October Unemployment Rate Jumps Upward ==> 10.2%! November 6, 2009Posted by geoff in News.
UPDATE: November numbers are here
The economic for October predictions were 175,000 non-farm jobs lost, and an unemployment rate at or just below 10%. Just based on initial unemployment filings, I think you’d have had to count on people continuing to drop out of the system to get numbers that low.
So what actually happened? As of this morning, the Bureau of Labor Statistics tells us that we lost 190,000 non-farm jobs, and that the unemployment rate has risen to 10.2%. So let’s have a gander at where that puts us on the “OMG Christine Romer and Jared Bernstein Are Teh Suck” chart:
That’s pretty startling. The reason, though, is that fewer people dropped out of the labor force last month. As I’ve mentioned ad nauseam in past posts, the labor market is responding sort of oddly in this recession, with millions of people simply dropping out of the labor force. They’re not counted among job seekers or even discouraged workers – they’re gone completely from the statistics. So a more useful number, I believe, is the number of jobs remaining in the country. Here’s that graph:
A Side Note on the Administration’s Defense of the Stimulus. The President and his economic team have claimed that the plan is working as intended, that they’re on track to save the original goal of 3.6 million jobs, but somehow, despite practically drowning in success, we’re going to have to live with high unemployment for years to come. Oh, and that everything is still Bush’s fault.
These claims have been debunked by a variety of sources, including the AP (and here), the Chicago Tribune, the Denver Post, USA Today, the Wall Street Journal, and blogs such as Political Math (H/T d3ft punk).
But forget the quantitative treatment for a moment and consider what the Obama team’s graph said on a qualitative level. The graph says that within a couple of quarters, the stimulus package will stop the increase in unemployment and reverse the employment trend. That was the real mission of the stimulus. Stop job loss. Get the private sector hiring again.
So no matter how convoluted and fanciful the “jobs created or saved” numbers get, we just have to remember what the point used to be, and realize how far short we’ve fallen. And whose fault that really is.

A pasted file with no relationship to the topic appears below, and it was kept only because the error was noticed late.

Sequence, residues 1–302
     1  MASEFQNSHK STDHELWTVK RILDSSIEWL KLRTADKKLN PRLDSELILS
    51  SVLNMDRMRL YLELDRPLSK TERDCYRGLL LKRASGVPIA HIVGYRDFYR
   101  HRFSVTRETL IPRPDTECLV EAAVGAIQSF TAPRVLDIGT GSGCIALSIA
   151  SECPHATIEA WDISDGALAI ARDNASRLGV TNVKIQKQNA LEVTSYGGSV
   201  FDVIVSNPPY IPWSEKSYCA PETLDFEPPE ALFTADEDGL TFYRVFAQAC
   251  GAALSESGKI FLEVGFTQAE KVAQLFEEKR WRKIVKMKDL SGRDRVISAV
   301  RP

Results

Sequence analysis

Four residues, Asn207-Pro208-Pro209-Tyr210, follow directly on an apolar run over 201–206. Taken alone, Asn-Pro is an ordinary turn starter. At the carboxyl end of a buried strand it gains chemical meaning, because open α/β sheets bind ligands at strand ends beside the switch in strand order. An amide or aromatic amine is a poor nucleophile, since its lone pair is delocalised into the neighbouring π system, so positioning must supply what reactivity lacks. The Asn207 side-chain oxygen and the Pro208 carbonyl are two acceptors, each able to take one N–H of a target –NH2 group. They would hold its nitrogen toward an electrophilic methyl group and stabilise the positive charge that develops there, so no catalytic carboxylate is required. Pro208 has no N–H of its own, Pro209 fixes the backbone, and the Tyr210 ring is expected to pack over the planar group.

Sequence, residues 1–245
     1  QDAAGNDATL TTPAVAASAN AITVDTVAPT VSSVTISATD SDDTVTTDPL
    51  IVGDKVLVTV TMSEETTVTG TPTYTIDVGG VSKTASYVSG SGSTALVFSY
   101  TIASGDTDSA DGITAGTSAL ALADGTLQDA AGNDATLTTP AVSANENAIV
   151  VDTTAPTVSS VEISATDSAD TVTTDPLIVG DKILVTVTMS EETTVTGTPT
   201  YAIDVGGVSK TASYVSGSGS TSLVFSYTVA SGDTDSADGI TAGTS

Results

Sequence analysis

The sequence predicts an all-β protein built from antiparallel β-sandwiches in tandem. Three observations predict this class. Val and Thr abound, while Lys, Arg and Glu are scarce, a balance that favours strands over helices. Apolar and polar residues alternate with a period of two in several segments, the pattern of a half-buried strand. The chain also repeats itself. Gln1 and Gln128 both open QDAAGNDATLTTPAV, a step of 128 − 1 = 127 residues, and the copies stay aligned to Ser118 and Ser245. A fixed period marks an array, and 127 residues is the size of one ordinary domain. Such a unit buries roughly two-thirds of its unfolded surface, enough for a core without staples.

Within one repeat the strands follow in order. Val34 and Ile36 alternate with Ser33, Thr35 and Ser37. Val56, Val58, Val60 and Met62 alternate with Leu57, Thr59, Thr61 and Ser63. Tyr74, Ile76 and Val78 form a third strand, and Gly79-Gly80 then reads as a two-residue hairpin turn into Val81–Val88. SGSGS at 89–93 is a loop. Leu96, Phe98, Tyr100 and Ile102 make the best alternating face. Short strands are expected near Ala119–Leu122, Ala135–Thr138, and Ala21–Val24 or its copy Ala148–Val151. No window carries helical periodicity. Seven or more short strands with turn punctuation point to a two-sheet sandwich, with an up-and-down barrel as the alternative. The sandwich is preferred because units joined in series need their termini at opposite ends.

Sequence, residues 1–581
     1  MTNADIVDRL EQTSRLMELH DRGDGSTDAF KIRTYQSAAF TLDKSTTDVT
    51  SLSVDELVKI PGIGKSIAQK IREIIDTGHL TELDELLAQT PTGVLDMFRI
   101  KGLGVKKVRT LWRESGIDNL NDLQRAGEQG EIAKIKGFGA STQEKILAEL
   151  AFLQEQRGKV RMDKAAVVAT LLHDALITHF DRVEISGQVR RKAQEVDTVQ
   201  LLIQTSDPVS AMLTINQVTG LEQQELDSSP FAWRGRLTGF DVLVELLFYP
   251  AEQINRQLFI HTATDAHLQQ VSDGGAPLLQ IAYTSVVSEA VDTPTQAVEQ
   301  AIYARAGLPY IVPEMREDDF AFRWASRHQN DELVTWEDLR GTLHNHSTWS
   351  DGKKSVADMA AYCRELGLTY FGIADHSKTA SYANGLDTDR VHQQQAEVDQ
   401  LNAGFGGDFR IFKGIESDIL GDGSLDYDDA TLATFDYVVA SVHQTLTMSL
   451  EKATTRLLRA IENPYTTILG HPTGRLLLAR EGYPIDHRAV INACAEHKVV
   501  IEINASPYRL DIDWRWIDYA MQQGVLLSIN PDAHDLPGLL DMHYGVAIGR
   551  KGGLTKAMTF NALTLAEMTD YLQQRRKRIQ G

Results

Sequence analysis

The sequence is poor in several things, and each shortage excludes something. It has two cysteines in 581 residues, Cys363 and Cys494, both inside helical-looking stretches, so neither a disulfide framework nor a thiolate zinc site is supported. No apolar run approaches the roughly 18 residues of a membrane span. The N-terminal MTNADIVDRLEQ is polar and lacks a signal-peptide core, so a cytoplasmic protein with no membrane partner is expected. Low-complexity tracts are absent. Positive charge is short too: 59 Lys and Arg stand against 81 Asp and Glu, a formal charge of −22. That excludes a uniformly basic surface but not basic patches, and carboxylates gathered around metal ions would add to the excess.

Previous posts in this series:
- Initial unemployment claims through the end of October
- A “million jobs saved?” A drop in the bucket.
- Comparing the administration’s statements to reality
- The September numbers
- The August numbers
- The “million jobs saved” claim
- Initial unemployment filings
- The July numbers.
- The percentage of private-employed workers is steadily decreasing, meaning that the burden of supporting government workers is increasing. How long can this trend continue?
- The June numbers.
- Mark Zandi (Moody’s Economy.com) kind of agreed with the Obama team’s projection back in January. But his predictions weren’t much better.
- Saying that “the recession is worse than anybody thought” is a tired old tune
- Everybody did not “guess wrong” on the stimulus package
- The corrected chart for May.
- The predicted numbers for May from a few days ago, with some thoughts on why unemployment is worse than expected even without the stimulus package (and a hearty discussion in the comments on proper graphing)
- A look at the stimulus package spending – how late it is, and how little thus far has been devoted to job creation (it’s basically gone to pay off states’ social services debts)
- The April numbers
- The original post on the subject, noting that criticisms of the stimulus package may not have been motivated by racism after all.